Of course, I am not singling out Garcia -- many other progressive writers tend to mix well thought writing projects with disinformation they take for granted as factual or information turned up by searches, but without providing a clue as how this is so, and who came up with it. In doing so, they annul the good part with the bad one. The result is a work that only adds confusion to readers who want to know the facts as presented by the alternative media.

This article, therefore, examines this type of writing by studying the shortcomings and erroneous extrapolation of facts as made by a progressive writer. To put it bluntly, the way Garcia elaborated his views on a subject of such enormous importance requires direct dialectical intervention.

For instance, aside from sincere wishful thinking, Garcia�s exhortation to end the neocon or hyper-imperialist occupation of Iraq with such a nebulous formula is one among the most disturbing trends that now pervades some progressive writers with a penchant for prolific writing but without substance, critical reflection, or research required to address the occupation of Iraq in an international context.

Not only did the article exhibit a glaring ignorance of Iraqi historical, societal, national, cultural, and religious realities before and after the occupation, but also an unexpected disregard for the econo-military and ideological nature of the imperialist transformation of Iraq and their consequence internationally. Thus, it was evident that the absence of specific knowledge on the operative mechanisms of both colonialism and imperialism had deleted, unavoidably, any possible validity that the article could otherwise achieve.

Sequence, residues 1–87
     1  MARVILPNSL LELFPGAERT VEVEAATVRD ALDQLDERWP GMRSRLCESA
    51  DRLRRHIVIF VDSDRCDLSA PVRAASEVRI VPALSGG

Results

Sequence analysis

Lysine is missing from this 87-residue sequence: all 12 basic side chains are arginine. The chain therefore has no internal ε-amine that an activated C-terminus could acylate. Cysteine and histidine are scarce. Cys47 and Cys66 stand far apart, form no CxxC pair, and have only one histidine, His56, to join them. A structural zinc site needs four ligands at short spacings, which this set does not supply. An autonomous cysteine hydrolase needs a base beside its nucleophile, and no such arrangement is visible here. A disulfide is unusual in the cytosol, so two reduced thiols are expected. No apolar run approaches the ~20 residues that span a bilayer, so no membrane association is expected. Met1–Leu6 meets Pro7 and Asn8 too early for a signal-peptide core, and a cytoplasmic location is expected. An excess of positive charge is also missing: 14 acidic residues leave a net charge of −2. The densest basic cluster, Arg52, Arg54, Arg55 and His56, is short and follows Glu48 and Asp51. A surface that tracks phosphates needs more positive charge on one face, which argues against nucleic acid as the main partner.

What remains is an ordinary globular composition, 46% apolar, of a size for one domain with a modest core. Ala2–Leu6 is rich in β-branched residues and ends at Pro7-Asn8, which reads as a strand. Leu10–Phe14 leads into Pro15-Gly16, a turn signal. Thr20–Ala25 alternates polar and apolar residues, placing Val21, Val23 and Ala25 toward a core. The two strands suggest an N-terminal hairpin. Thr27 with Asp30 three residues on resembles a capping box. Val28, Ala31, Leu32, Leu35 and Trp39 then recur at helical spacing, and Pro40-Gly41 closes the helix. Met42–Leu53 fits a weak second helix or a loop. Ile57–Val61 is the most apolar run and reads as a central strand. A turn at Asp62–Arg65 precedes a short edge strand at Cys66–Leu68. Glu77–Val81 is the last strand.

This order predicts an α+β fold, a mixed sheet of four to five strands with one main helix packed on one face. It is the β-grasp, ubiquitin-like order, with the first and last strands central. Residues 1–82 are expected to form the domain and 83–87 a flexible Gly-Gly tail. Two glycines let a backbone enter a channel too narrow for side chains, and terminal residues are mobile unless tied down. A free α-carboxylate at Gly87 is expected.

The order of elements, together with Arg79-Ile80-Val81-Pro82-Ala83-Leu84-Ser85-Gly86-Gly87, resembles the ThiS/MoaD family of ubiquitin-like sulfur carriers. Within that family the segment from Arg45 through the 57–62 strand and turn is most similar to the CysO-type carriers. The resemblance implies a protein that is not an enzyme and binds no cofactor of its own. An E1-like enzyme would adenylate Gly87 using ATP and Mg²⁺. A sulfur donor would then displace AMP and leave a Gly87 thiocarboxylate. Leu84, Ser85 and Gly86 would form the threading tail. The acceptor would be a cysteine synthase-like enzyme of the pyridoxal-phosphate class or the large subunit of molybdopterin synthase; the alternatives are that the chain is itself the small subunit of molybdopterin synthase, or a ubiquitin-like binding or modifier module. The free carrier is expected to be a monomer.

If Garcia�s purpose for writing such an article is to see an end to the American occupation of Iraq, a one sentence article, such as �end the occupation now," would certainly suffice. But to expand on a slogan and venture into the uncharted territory of political elaboration without adequate knowledge on the subject is unmitigated intellectual disaster for Garcia or, as a matter of course, for any other writer. Specifically to propose a solution that ends the occupation by ending a civil war that does not exit is the apogee of political naivet�.

Moreover, it is unsettling to see Garcia develop his principal argument by building on irreparably flawed analyses that emanate directly from the vocabulary of U.S. imperialism. Even more unsettling than the previous statement is Garcia�s decision to rely on sources already tainted by propaganda or disinformation to validate his erratic conclusion. In a sense, Garcia, confusing good intentions as viable analysis, compounded his problem as a political writer by presenting a simplistic solution to a complex problem of which he did not explore the dimensions and implications in multiple contexts. But to name his inconsistent and mangled theorizations as an �Iraq exit strategy� is beyond comprehension.